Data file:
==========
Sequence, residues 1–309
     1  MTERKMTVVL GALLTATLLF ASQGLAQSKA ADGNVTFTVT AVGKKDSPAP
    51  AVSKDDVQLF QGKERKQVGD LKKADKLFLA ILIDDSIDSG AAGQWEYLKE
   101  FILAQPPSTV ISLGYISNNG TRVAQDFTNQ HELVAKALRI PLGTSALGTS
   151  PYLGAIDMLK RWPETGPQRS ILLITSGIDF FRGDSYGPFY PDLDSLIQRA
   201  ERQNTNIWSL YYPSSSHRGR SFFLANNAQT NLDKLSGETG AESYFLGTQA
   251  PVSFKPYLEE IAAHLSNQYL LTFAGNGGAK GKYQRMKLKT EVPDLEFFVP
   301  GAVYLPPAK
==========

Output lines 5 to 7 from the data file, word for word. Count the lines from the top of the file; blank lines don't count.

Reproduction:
   151  PYLGAIDMLK RWPETGPQRS ILLITSGIDF FRGDSYGPFY PDLDSLIQRA
   201  ERQNTNIWSL YYPSSSHRGR SFFLANNAQT NLDKLSGETG AESYFLGTQA
   251  PVSFKPYLEE IAAHLSNQYL LTFAGNGGAK GKYQRMKLKT EVPDLEFFVP